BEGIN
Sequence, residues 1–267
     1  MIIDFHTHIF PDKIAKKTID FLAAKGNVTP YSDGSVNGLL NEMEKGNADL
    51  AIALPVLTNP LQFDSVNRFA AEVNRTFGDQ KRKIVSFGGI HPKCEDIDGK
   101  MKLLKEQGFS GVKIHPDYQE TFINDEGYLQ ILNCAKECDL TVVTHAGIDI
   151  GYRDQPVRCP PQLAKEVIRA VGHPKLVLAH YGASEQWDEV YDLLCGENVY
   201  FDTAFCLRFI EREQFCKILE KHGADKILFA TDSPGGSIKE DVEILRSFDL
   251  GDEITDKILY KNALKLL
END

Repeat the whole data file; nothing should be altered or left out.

Sequence, residues 1–267
     1  MIIDFHTHIF PDKIAKKTID FLAAKGNVTP YSDGSVNGLL NEMEKGNADL
    51  AIALPVLTNP LQFDSVNRFA AEVNRTFGDQ KRKIVSFGGI HPKCEDIDGK
   101  MKLLKEQGFS GVKIHPDYQE TFINDEGYLQ ILNCAKECDL TVVTHAGIDI
   151  GYRDQPVRCP PQLAKEVIRA VGHPKLVLAH YGASEQWDEV YDLLCGENVY
   201  FDTAFCLRFI EREQFCKILE KHGADKILFA TDSPGGSIKE DVEILRSFDL
   251  GDEITDKILY KNALKLL